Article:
Well, those who knew and understood the bankers and how their monetary policies and system operated weren’t fooled. Hundreds of pages of evidence was brought before a Standing Committee in 1939 which showed clearly how deeply indebted the Provinces were to the private banks as a result of the depression and the monetary policies in effect at that time. (The first Governor, Graham Towers was also present at these hearings to answer questions as well.) Provinces had been seeking loans from the BoC but were being denied and forced to borrow from the private banks and abroad. The reason finally given for the BoC’s unwillingness to lend to the provinces was that the provinces were not willing to enter into an arrangement with the BoC similar to that of the arrangement the BoC had with the federal government. This arrangement gave the BoC the lofty position of being the government’s fiscal agent. Only the BoC sells government securities - bonds and T-bills. The BoC also "sells" notes at face value to financial institutions for circulation throughout the country. If the Bank of Canada wants a tight monetary policy, the Bank of Canada can limit the amount of money the government can borrow by decreasing the number of securities it sells. The BoC uses other measures to tighten the money supply as well, such as increasing the interest rates and making it more difficult for borrowers to borrow money. Through these actions, a recession is born. The effect is the government receives less in taxes at every level and, of course, the demand for government assistance rises. To compound the problem, the government has no ability to refuse the high interest rates the BoC imposes on it and the taxpayers. The government has no ability to circumvent the decisions of the BoC. All revenue to the government flows through the Receiver General, who happens to be a servant of the BoC and not the government.
The Bank of Canada appears to have other controls over government. While reading the evidence of the Standing Committee on Banking and Finance held in 1939 and Hansard, members of the committee raised the issue of the bank’s control over spending decisions of the government. There was reference to questions by low-profile backbenchers of the House of Commons about why this was so. Or, why any other policy was not being carried out even though it would greatly assist the economy. The response in the House of Commons would indicate that, although the government wished to proceed, the money was not available because of decisions made outside of government! This was confirmed many years later when the governor of the BoC told the government on more than one occasion that Canada was in no position to kick-start the economy. (As if the government could have done it without the blessing of the BoC.)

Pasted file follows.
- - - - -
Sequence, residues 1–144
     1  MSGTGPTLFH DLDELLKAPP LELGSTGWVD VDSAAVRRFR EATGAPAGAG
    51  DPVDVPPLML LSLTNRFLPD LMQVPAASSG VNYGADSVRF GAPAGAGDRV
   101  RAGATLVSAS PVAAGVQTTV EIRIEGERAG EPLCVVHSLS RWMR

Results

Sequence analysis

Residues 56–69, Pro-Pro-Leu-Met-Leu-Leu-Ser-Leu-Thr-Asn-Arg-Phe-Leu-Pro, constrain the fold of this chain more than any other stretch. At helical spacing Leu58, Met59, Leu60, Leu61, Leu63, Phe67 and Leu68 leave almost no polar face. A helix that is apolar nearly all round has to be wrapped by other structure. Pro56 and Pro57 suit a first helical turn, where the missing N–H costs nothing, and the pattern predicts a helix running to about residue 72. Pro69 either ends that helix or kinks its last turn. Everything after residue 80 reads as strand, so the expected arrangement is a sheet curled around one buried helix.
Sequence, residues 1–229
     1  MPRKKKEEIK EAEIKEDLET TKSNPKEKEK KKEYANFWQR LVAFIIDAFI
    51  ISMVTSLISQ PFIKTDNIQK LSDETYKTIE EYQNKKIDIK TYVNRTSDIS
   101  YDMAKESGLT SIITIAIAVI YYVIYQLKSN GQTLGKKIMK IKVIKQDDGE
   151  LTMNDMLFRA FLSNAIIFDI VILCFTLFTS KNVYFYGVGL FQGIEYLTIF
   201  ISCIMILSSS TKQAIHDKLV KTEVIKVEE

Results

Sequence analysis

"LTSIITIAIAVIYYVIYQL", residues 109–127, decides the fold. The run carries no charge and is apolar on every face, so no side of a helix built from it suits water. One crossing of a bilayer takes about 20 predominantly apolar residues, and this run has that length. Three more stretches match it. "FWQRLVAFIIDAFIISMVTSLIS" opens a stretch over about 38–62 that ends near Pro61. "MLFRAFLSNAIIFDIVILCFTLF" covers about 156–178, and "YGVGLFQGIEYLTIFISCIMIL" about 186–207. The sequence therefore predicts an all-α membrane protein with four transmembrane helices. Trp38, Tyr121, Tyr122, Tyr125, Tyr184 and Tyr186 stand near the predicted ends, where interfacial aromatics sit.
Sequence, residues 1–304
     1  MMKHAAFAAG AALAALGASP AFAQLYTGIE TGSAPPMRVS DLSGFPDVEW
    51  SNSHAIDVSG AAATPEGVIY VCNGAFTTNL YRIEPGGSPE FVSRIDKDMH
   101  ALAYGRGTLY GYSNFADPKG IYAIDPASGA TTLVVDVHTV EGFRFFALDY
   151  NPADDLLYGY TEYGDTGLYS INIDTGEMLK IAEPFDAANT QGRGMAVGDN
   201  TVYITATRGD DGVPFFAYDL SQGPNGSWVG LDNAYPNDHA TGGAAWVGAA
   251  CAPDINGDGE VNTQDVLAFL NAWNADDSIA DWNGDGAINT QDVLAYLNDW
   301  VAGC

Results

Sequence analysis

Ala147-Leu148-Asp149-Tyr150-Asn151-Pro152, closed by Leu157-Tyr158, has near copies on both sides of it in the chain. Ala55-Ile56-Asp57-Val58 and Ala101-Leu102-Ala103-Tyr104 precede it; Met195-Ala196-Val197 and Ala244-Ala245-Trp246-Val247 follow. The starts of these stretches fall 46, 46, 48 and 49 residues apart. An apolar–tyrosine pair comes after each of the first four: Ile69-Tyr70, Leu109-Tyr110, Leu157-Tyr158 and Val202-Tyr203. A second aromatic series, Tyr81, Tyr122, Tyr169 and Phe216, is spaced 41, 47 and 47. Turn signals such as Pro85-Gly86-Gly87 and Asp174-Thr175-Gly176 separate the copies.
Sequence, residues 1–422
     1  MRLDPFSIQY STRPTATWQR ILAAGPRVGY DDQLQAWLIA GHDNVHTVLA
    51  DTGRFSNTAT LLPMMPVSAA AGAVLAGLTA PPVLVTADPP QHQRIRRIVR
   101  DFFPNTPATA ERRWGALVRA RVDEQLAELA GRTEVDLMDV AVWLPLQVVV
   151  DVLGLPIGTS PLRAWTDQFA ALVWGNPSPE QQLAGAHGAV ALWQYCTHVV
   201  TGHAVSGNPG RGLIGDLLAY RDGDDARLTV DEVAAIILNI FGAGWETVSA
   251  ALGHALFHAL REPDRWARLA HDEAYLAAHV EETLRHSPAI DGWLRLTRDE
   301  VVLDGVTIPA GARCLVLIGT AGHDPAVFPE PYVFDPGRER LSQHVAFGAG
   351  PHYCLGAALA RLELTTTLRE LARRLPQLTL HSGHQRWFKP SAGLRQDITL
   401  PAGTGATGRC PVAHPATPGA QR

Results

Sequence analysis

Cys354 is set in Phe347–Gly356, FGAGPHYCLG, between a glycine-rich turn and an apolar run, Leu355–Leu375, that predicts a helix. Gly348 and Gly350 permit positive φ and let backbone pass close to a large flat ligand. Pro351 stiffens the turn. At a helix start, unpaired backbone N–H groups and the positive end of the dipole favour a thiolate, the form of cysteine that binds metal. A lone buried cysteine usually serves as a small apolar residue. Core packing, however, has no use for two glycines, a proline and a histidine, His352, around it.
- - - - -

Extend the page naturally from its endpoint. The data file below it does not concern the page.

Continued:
During the Standing Committee on Banking and Finance in 1939, Graham Towers admitted the only thing that would limit Canada’s involvement in the war was manpower. Money would not be a problem! Yet the Bank of Canada refused to put out money for any job creation, infrastructure expansion, or aid for the poor, the old, the sick, the unemployed, the farmers, small business or any other policy suggestions that had been put forth by the federal or provincial governments.
The reality is that the federal government can’t by pen and paper without the permission of the Bank of Canada, and all money the public considers “waste” is willingly and culpably paid out by the Bank of Canada. When Canada is in a recession (created by the BoC), the Bank of Canada will do nothing to help the country out of it until it considers the timing to be right and the solutions offered are usually a further detriment to the economy over the long run for most of us except those on the “inner circle” who really know what is going on and can profit from it.
Canadian banks and Credit Unions are now controlled by both the Bank of Canada and the Bank of International Settlements (BIS) as well. Located in Switzerland, the BIS holds deposits (i.e. they control) of about 120 central banks and other international financial institutions throughout the world, including the Bank of Canada. In other words, the BIS financially controls the globe. It has direct influence over the direction of the economy of every country and, indeed, the world through its banking and monetary policies.
The weapon that all banks have is the power to withhold loans, thus driving an economy into the ground in a hurry. Personal and corporate bankruptcies, lost jobs, disintegrating social programs and other unpleasant consequences are a direct result of these policies. There is no government that can afford to offend its central bank. The Bank of Canada will do what it wants to do, and what the BIS wants it to do. No amount of pressure from anyone will influence it in any way.
A quote from a 1924 edition of the American Banker's Association not intended for the public sums up what is currently happening all around us:
"Capital must protect itself in every possible way, both by combination and legislation. Debts must be collected, mortgages foreclosed as rapidly as possible. When, through the process of law, the common people lose their homes, they will become more docile and more easily governed through the strong arm of government applied by a central power of wealth under leading financiers. These truths are well known among our principal men who are now engaged in forming an imperialism to govern the world. By dividing the voter through the political party system, we can get them to expend their energies in fighting for questions of no importance. It is thus by discreet action we can secure for ourselves that which has been so well planned and so successfully accomplished."
The bottom line is that our present situation will not improve, ever, until we have significant reform to our banking and monetary policies. What has happened in this country is a result of lack of knowledge as to how we are being shafted by the present system and it must be changed. We must all make the effort to educate ourselves and our family, friends and neighbours as to the truth behind the financial demise we face today. Again, this is the purpose of this website, to inform and educate. Please take time to read through and understand how we are being robbed under the present system and how we can change it for the benefit of all Canadians.